OUT : Foo &lt;!everyone&gt; bar <>

In full parse mode, we will find and linkify URLs, channel names (starting with a '#') and usernames (starting with an '@').

Multiline Messages

You can post multiline messages through Slack's APIs. Insert a newline by including the characters \n in your text. For example:

    "text": "This is a line of text.\nAnd this is another one."

The above JSON payload will be displayed in the channel as:

Screenshot of a webhook with a newline

Try it!


Slack attempts to normalize emoji across multiple platforms using the following approach:

  1. All emoji sent to Slack (as chat message to the message server, or arguments to the API) are translated into the common 'colon' format (e.g. :smile:)
  2. At display time, Slack clients are encouraged to convert these colon-sequences into native Emoji where available, otherwise fallback to images.

The Slack message server and API handle conversion from several binary emoji formats - the Unicode Unified format (used by OSX 10.7+ and iOS 6+), the Softbank format (used by iOS 5) and the Google format (used by some Android devices). These Unicode code points will be converted into their colon-format equivalents.

The list of emoji supported are taken from

Formatting and Attachments

You can create richly-formatted messages using Attachments. Learn how to add attachments to messages.

Screenshot of attachments with colors

We strongly recommend using a maximum of 20 attachments per message. Messages are limited to 100 attachments.

Message Formatting

Slack messages may be formatted using a simple markup language similar to Markdown. Supported formatting includes: ```pre```, `code`, _italic_, *bold*, and even ~strike~.; full details are available on our help site.

By default bot message text will be formatted, but attachments are not. To disable formatting on a non-user message, set the mrkdwn property to false. To enable formatting on attachment fields, set the mrkdwn_in array on each attachment to the list of fields to process. Some examples:

    "text": "*bold* `code` _italic_ ~strike~",
    "username": "markdownbot",
    "mrkdwn": true

Try it!

    "text": "*not bold*",
    "username": "markdownbot",
    "mrkdwn": false

Try it!

    "attachments": [
            "title": "Title",
            "pretext": "Pretext _supports_ mrkdwn",
            "text": "Testing *right now!*",
            "mrkdwn_in": ["text", "pretext"]

Try it!

Valid values for mrkdwn_in are: ["pretext", "text", "fields"]. Setting "fields" will enable markup formatting for the value of each field.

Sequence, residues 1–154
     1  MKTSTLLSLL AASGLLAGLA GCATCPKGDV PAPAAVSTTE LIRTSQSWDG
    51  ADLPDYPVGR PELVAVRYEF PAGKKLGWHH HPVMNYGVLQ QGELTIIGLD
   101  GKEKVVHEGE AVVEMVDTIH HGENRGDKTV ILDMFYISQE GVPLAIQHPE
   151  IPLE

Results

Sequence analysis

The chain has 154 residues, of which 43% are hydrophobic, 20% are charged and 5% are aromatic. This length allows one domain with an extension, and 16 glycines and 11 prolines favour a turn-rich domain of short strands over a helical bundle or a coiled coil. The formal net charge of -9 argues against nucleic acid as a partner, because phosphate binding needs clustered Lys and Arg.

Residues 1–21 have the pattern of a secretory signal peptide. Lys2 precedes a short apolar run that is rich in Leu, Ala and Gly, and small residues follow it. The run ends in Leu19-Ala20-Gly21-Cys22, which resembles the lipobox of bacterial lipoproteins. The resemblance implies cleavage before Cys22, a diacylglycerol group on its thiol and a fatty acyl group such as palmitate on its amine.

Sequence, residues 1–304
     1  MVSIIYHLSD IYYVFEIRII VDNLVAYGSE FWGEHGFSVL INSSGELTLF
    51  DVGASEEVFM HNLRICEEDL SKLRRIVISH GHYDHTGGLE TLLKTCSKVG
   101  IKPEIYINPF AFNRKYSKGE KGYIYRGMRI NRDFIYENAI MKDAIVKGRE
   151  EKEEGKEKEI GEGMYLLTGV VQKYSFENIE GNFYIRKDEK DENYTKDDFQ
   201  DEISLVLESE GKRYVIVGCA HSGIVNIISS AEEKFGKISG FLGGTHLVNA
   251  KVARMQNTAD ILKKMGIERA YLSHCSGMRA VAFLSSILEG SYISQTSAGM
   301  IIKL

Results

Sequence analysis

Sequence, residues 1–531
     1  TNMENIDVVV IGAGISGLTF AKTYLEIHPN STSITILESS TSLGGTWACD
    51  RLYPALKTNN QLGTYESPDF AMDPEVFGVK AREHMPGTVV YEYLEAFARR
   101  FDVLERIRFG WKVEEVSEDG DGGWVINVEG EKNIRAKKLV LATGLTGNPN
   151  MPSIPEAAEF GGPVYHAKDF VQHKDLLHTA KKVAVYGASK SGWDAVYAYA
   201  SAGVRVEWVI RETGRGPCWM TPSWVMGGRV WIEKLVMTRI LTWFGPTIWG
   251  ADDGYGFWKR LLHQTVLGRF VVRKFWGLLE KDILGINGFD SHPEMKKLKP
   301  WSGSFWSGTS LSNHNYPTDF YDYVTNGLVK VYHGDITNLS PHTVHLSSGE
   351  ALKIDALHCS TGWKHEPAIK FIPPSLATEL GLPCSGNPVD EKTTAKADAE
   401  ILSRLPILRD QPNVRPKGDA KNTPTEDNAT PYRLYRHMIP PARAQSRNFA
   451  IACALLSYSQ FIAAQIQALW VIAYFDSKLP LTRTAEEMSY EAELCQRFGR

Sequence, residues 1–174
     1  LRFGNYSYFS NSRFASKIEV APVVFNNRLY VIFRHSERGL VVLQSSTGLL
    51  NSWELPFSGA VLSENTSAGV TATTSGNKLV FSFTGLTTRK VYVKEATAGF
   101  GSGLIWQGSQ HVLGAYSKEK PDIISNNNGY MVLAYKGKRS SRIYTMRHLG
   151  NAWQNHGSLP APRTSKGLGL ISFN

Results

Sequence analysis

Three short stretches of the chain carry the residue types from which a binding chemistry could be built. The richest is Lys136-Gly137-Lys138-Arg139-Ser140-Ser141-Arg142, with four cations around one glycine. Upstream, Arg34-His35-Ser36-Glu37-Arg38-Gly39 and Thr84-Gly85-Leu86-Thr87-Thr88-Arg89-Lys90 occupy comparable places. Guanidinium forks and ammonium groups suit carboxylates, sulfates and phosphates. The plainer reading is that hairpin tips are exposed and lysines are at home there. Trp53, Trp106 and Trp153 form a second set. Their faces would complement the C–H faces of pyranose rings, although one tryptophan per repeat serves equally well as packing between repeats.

Limit the number of characters in the text field to 40,000 characters. Ideally, messages should be short and human-readable, if you need to post longer messages, please consider uploading a snippet instead.

How to display formatted messages

If you want to display formatted messages on the web, your client should take the following steps:

  1. Detect all sequences matching <(.*?)>
  2. Within those sequences, format content starting with #C as a channel link
  3. Within those sequences, format content starting with @U or @W as a user link
  4. Within those sequences, format content starting with ! according to the rules for the special command.
  5. For remaining sequences, format as a link
  6. Once the format has been determined, check for a pipe - if present, use the text following the pipe as the link label

Because the ampersands and angled brackets are already escaped, no further translation need take place (for a web-client). The server ensures that no extra un-escaped angled brackets or ampersands are included in the message.

When a client sends a message, the response that is returned by the server contains the server-formatted version of the message. Clients should use this to replace their own local version of the message so that urls are correctly highlighted.

Disabling markup processing

If you just want to turn Slack's markdown-like processing off so that all those characters (`*_```~) do nothing, include the mrkdwn attribute with a false value:

  "mrkdwn": false,
  "text": "*This will not be bold.* It will be surrounded gloriously with stars."

(Message Builder Example)

If you want to reinforce the default behavior explicitly, add a mrkdwn field to your message JSON and set it to true.

The mrkdwn attribute is missing vowels because our markup language is not quite markdown but something quite like it.